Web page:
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By Tim Hunt

Highlighting the Tri-Valley's diversity

Uploaded: May 13, 2021

Last Thursday at noon two events offered proof to just how diverse the Tri-Valley area has become over the last decade.
Alameda County Supervisor David Haubert, who represents his hometown of Dublin, Livermore and part of Fremont, spearheaded a National Day of Prayer gathering at the Alameda County Fairgrounds amphitheater in Pleasanton.
At the same hour, the Innovation Tri-Valley Leadership Group honored its 10th group of Dreammakers and Risktakers (local high school and Las Positas College students) virtually via Zoom. Check out the names of those honored: Chandrika Narayan (Amador Valley High, Pleasanton); Tatiana Amador, Ana Martinez Galindo, Emma Goulart, Rachel Hendry, Ashley Messing, Rebecca Sandoval Clampitt and Kassandra Torres (Livermore High); Kaif Jeelani, Shreyas Lad, Nishad Chavan, Mannat Dhot, Aditya Mahajan, Harun Momin, Shriya Rudrashetty, Samarth Shastry (Dublin High); Alexis Bondarenko and Megan Mehta (Tri-Valley Regional Occupation Program); Amaya Ghoshal (Monte Vista High); and Esmaa Elgarguri (Las Positas College). I highlighted their accomplishments in a blog last week.
Faith institutions represented at the fairgrounds included: Cornerstone Fellowship, Harbor Light, Livermore Gurdwara, Glad Tidings Church, Meet a Muslim, Coptic Church, The Church of Jesus Christ of Latter-Day Saints, Forerunner Christian Church, Hindu American Foundation, Fa Yun Chan Temple, St. Raymond’s Catholic Church, Tri-Valley Sikh Center and Chabad of the Tri-Valley. Each leader prayed for our country in their unique way.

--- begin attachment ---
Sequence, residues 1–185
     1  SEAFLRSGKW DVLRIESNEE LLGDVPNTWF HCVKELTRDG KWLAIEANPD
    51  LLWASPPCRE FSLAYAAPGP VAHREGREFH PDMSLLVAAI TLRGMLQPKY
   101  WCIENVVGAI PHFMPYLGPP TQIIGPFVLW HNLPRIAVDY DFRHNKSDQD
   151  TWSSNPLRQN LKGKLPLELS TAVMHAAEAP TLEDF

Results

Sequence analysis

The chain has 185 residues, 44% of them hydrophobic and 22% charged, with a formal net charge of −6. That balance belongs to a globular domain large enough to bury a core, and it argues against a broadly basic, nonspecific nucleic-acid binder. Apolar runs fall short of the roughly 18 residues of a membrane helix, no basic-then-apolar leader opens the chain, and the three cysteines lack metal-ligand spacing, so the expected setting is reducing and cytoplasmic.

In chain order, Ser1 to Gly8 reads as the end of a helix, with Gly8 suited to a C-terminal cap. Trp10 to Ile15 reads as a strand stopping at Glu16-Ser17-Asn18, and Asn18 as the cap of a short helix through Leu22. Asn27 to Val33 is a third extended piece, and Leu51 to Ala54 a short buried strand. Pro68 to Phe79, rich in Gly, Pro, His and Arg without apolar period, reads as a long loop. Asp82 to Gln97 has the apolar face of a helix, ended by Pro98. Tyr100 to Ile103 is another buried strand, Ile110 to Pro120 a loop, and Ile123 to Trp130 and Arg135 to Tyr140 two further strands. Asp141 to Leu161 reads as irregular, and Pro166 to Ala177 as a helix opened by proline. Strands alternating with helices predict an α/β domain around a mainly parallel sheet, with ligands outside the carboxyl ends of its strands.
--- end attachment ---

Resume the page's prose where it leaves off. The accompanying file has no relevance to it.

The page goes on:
In one way, it’s really sad that California is awash with cash at the state level—far more so than Gov. Gavin Newsom and his finance team expected in January. The gushing cash will allow government to maintain some programs that should be laid to rest.
Newsom will release his May revised budget tomorrow after touring the state with spending proposals for the nearly $100 billion that includes $27 billion of federal funds that are being printed. The huge number is available after the state has backfilled the reserve funds that were spent in the early part of this fiscal year when nobody knew what the effects of the pandemic and Newsom’s harsh collapse of the economy would be.
With the high-tech economy moving on without issue and the home delivery services exploding, revenues soared—not so for people working in hospitality or tourism that found themselves unemployed.
The governor and Legislative leaders will debate how to spend the money—the budget needs to go to the governor’s office by June 15 or legislative pay will be docked. Since voters approved that provision, the Legislature hasn’t missed the deadline.
What’s sad is the financial windfall will allow the state to continue well-intentioned but programs such as its online community college Calbright. It was instituted by the Legislature and former Gov. Jerry Brown and has been an abject failure. The state auditor released a report described as “scathing” that notes the on-demand system’s former management had no strategy for spending the $175 million it expected from the state and had made a number of poor hires. More telling are the simple stats: More than 900 enrollees, 12 graduates and 40% dropout rate.
Ouch. Time to pull the plug on this one and let established community colleges add it to their offerings.